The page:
I cannot recall the last time I sharpened pencils, yet I smell them.
Crayons disappeared from the house five years ago when the kids stopped using them, schools dumping color-in-the-lines after fifth grade. But I can almost feel their waxy paraffin between my thumb and forefinger, leaving that oily residue that stays way long.
Like a return to the new, the school year starts in the season of dying.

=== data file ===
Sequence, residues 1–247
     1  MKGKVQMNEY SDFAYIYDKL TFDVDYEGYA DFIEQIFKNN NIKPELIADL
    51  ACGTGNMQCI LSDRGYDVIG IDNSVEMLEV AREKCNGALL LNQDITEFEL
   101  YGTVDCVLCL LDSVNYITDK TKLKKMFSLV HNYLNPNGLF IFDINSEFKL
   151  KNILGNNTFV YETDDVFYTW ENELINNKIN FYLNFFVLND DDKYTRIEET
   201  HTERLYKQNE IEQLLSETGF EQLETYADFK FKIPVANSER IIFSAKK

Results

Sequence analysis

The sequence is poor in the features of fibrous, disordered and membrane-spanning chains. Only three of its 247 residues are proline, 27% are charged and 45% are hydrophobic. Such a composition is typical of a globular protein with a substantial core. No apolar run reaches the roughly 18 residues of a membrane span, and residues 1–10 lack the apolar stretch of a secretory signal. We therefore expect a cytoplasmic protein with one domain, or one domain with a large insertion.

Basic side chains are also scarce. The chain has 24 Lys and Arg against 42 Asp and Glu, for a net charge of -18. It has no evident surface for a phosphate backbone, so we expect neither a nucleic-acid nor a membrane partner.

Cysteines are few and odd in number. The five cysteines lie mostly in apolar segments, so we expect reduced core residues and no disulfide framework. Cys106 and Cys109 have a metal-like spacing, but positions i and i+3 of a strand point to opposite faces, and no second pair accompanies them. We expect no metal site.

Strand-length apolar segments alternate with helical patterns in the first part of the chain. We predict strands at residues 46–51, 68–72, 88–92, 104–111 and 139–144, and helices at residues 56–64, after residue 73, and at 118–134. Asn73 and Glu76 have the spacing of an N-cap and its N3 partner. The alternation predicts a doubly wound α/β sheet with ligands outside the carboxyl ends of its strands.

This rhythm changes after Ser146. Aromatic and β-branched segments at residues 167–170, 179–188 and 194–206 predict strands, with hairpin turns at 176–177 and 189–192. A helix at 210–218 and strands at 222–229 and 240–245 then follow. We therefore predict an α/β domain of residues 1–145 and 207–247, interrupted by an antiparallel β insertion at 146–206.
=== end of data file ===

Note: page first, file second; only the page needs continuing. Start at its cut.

The dissonance, I sense it like spasmodic leg quaking that tremulates chairs while calming nerves.
“It’s show time!” I mimic the movie star’s manic Joker’s smile as I fly out the door. No chorus line.
Yet not the performance but the insistence that erodes: “Wake up!!” I want to jolt them in stentorian holler as my head spins and spits pea soup—in a virtual world they recognize.
In real time, I merely cajole, advise, admonish and filibuster, all for their awakening to themselves, their process and their world, adrift in someone else’s expectation.